The Basics of a Good Runners' Diet
Monday, July 4, 2016
Runners need a diet that maintains good health and promotes peak performance, so your diet should include these essential components:
You should have a diet that has carbs as about 60 - 65% of your total calorie intake. Carbs are the best source of energy for athletes. Research shows that for quick and long-lasting energy, carbs are better than proteins or fats.
Whole-grain pasta, boiled or steamed, potatoes, fruit, starchy vegetables and whole-grain bread are good carb sources.
Protein should make up about 15% - 20% of your daily intake as you need it for some energy and to repair tissue damaged in training. In addition, protein makes you feel full longer, which is good if you're trying to lose weight.
Runners, particularly long distance runners, should get 0.5 - 0.75 grams of protein per pound of body weight every day. Eat protein sources low in fat and cholesterol such as lean meats, fish, low-fat dairy products, poultry, whole-grains and dried beans/legumes.
Make sure that no more than 20 - 25% of your diet comes from fat and only eat foods low in saturated fats and cholesterol. ‘Good' fat foods include nuts, olive oil and fish rich in vital Omega-3 oils. Most experts recommend you get about 3,000 mg of Omega 3 oils daily. Fish oil supplements are an easy way to get these.
Exercise produces compounds called free radicals, which damage cells. Vitamins C, E and A are antioxidants and can neutralize free radicals, so include foods with these vitamins in your diet.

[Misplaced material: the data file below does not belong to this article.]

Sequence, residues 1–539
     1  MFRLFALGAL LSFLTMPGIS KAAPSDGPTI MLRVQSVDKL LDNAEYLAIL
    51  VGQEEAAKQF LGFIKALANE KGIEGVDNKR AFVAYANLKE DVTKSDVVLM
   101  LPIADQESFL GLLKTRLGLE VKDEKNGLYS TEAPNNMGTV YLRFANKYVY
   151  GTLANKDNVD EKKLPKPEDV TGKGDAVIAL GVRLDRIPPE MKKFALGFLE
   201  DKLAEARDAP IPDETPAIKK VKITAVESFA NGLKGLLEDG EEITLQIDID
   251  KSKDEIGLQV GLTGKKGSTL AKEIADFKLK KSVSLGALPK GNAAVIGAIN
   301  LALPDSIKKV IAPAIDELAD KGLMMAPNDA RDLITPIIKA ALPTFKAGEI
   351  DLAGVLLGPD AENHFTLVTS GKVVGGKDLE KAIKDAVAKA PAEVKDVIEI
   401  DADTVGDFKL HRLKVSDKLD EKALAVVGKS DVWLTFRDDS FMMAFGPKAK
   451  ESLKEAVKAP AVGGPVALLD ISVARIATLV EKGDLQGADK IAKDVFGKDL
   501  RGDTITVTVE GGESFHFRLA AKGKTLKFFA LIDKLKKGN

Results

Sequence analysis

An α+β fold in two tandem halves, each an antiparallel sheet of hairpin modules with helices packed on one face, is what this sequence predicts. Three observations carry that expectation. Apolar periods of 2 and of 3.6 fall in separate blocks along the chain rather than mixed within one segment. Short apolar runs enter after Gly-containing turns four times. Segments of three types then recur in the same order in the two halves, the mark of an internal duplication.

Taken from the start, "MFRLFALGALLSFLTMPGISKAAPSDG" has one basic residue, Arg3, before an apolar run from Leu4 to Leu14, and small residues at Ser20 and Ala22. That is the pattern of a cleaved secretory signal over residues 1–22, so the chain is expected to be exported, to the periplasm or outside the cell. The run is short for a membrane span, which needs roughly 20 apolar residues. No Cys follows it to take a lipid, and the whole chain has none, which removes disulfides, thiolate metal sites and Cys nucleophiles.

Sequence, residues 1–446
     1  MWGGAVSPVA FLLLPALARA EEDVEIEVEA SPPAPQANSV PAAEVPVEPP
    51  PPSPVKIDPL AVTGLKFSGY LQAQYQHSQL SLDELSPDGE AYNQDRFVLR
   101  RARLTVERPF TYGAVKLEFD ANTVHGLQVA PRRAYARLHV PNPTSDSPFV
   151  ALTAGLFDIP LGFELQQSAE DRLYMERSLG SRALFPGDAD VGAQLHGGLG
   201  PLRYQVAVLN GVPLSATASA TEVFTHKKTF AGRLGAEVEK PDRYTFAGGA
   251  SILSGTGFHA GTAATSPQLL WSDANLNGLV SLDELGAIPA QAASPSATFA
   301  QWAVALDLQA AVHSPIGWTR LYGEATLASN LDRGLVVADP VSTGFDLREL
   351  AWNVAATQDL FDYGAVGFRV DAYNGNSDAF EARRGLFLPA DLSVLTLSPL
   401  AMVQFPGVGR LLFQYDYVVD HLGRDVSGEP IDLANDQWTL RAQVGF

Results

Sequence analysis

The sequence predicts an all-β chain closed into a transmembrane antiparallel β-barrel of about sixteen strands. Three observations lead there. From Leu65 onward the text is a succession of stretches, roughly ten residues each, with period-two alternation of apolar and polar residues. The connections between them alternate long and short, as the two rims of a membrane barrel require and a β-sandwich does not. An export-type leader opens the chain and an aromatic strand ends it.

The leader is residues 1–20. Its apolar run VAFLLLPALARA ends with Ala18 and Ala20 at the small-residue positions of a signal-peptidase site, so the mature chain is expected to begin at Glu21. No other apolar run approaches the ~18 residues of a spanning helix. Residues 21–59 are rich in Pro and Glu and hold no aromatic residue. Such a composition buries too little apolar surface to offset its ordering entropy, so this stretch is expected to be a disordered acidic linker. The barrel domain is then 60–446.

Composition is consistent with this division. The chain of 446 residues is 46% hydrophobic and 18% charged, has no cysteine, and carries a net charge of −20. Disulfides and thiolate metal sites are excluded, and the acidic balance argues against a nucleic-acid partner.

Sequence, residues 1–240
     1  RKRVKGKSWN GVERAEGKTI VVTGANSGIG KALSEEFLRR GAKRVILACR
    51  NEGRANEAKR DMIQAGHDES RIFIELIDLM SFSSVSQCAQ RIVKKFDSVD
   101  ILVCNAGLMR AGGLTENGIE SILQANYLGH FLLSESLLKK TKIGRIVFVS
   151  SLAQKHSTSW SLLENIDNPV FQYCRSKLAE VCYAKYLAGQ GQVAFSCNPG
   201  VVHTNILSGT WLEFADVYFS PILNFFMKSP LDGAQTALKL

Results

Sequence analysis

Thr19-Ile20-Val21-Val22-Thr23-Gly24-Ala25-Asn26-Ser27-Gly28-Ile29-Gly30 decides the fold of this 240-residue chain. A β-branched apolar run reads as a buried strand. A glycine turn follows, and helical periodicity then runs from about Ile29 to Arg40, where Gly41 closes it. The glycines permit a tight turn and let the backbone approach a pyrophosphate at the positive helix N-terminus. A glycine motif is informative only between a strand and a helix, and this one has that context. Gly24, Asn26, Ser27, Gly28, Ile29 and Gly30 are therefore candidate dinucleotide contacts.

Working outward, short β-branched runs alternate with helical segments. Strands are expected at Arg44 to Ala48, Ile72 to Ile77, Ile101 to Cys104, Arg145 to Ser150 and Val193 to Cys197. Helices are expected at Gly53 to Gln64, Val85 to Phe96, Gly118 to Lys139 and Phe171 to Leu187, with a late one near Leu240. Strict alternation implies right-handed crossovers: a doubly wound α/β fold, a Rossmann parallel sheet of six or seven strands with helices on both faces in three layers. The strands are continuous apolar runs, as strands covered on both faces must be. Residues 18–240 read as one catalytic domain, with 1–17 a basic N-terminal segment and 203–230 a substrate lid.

Calcium: A calcium-rich diet is vital for runners. Good sources of calcium are low-fat dairy, calcium-enriched juices, dark green leafy vegetables, beans and eggs. Aim for a daily intake of 1,000 to 1,300 mg of calcium.
Iron: If your diet lacks iron, you'll feel weak and fatigued, especially when running. Men need about 8 mg of iron a day and women need about 18 mg.
Good natural sources of iron include lean meats, leafy green vegetables, nuts, shrimp and scallops.
Salt and other electrolytes: Electrolytes are lost through sweat and are replaced naturally, if you eat a well-balanced diet. But if you start to crave salty food, your body needs more sodium.
Don't reach for a packet of crisps - your best bet is always to have a sports drink after exercise. Anyone running longer than 90 minutes should replace their lost electrolytes with a specially-balanced sports drink.
Looking after your body and giving it the best high-performance fuel can definitely be the factor that transforms you from a loser into a winner!